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How to Revive Red Tip Shrubs

By Sarah Morse

Red tip shrubs, also called red tip photinias, frequently develop a fungus called leaf spot, which rapidly spreads through the population, killing most of the shrubs. If your red tip shrub is dying, it is most likely because of over-watering or leaf spot. If the plant has recently developed leaf spot, there is a chance that you can revive it if you act fast.

Adjust your watering schedule. If your shrub is dying and it is not yet infected by the leaf spot fungus, then it is probably not receiving the correct amount of water. Once the plant is established, which is usually after three to six months, it only needs to be watered in droughts. Otherwise, the plant will develop root rot and begin to die.

Transplant the red tip shrub if it is not in soil that is well-drained. Too much water soaking the soil around the plant will promote fungus and cause root rot. Transplant to an area with full sun and well-drained, rich soil for best results. The plant also needs good air circulation, so make sure it is not crowded by other shrubs.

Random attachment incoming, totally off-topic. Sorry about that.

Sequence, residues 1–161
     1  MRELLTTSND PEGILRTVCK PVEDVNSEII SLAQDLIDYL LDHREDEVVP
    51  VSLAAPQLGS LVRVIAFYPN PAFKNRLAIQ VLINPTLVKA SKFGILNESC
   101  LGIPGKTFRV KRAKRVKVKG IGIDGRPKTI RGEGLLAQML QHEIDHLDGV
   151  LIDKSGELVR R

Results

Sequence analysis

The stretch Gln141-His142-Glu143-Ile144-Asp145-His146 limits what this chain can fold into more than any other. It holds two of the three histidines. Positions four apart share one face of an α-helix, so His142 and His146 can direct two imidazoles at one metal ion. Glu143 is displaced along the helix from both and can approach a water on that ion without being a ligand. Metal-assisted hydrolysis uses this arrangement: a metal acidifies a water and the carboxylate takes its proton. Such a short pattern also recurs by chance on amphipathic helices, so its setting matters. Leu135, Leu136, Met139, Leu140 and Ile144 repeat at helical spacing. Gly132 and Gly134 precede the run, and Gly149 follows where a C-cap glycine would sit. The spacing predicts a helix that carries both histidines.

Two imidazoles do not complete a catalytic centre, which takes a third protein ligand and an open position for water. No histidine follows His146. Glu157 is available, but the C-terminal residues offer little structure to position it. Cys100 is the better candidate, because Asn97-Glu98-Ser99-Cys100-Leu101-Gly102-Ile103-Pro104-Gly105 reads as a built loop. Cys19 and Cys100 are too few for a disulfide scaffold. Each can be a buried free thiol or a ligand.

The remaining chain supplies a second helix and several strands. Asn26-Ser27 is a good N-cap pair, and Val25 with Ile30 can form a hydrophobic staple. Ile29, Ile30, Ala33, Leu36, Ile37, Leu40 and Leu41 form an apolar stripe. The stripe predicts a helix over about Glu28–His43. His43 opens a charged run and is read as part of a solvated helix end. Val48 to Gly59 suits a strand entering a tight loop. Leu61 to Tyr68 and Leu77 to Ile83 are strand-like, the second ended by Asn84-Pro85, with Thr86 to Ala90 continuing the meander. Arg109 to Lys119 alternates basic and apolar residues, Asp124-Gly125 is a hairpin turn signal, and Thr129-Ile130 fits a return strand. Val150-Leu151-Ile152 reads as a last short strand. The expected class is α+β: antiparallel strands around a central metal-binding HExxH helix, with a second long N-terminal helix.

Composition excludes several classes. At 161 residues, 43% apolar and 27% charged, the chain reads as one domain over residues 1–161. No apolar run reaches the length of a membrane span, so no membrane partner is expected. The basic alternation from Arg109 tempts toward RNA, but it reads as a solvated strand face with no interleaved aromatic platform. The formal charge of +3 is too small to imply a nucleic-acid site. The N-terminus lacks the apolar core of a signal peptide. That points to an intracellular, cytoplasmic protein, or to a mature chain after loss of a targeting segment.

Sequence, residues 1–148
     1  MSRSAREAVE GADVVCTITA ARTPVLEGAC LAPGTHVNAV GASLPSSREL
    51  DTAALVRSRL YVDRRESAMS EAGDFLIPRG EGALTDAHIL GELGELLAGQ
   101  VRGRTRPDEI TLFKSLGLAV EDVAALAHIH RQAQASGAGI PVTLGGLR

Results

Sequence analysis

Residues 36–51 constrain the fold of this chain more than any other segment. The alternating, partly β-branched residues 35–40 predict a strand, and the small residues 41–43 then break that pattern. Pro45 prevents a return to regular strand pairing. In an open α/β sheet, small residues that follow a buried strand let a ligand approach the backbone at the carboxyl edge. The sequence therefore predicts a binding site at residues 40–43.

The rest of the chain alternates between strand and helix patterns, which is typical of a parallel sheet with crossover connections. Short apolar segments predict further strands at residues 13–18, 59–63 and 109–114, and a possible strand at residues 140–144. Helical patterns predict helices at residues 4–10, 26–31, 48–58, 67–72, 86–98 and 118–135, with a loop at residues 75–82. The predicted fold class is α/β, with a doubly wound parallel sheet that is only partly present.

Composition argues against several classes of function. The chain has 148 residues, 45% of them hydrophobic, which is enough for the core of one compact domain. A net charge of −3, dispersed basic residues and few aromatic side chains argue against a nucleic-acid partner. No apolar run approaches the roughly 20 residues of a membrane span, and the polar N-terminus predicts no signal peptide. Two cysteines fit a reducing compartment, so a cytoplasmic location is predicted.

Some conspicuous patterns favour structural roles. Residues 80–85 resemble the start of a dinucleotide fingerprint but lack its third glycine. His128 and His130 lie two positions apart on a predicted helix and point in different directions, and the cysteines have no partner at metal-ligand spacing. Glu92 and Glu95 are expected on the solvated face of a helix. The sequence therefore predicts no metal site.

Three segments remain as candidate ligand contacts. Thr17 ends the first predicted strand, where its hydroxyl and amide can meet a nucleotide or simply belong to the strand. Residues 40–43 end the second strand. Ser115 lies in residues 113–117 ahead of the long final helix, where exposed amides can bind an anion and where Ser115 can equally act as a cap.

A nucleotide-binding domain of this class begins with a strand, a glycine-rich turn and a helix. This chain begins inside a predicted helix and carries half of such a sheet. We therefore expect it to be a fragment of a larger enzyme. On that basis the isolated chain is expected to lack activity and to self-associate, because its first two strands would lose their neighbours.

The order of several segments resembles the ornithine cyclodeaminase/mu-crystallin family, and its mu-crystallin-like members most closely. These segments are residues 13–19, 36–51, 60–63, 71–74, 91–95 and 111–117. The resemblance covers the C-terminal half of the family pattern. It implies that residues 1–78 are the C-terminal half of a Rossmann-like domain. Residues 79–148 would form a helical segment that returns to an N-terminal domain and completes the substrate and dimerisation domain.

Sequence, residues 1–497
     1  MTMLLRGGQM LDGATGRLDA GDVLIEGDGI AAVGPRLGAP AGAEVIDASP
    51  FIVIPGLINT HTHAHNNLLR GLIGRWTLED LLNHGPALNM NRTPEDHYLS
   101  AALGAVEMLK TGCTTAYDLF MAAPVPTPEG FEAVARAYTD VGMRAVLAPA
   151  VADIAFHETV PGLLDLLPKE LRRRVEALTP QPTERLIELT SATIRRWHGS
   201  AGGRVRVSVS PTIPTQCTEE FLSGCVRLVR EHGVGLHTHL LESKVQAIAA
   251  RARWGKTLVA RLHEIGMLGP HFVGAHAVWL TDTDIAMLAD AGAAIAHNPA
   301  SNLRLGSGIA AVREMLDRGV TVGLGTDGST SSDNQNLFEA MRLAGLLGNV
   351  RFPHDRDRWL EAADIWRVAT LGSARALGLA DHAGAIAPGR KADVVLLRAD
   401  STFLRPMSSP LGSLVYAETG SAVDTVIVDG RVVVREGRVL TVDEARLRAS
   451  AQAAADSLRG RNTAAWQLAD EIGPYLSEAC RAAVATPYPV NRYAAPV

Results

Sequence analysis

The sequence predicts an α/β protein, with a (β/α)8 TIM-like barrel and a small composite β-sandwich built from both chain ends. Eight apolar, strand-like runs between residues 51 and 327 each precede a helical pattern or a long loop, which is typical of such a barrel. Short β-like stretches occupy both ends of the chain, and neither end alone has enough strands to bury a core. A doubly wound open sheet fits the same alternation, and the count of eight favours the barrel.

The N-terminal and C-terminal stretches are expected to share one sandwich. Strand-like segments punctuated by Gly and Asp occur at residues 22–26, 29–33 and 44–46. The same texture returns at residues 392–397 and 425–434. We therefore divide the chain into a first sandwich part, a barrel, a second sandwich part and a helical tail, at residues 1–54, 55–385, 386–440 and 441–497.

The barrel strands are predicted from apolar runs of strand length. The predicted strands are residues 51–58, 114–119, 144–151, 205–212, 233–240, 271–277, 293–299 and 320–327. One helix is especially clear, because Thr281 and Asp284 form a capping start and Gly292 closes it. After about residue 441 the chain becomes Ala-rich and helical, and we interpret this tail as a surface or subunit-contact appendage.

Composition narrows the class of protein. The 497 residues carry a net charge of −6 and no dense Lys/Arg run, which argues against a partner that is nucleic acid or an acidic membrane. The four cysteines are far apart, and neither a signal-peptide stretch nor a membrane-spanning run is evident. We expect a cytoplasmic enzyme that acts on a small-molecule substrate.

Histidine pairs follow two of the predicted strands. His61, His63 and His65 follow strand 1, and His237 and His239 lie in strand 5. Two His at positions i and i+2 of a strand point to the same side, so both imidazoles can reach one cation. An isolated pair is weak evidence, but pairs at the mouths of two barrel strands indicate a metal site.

Apply a fungicide recommended for leaf spot if your plant has contracted the fungus. Apply immediately after noticing the spots and then every 10 to 14 days after that, 10 days during wet weather and 14 during dry weather. In hot, dry weather you do not need to apply it at all.

Prune the shrub in winter after it has gone dormant. Take out any dead or diseased branches and leaves. Make sure you rake up the leftover leaves and apply a 2- to 3-inch layer of mulch to cover any that you may have missed. This will decrease the amount of fungus spores in spring.


Things You Will Need

  • Water
  • Fertilizer
  • Pruning shears
  • Mulch

About the Author


Sarah Morse has been a writer since 2009, covering environmental topics, gardening and technology. She holds a bachelor's degree in English language and literature, a master's degree in English and a master's degree in information science.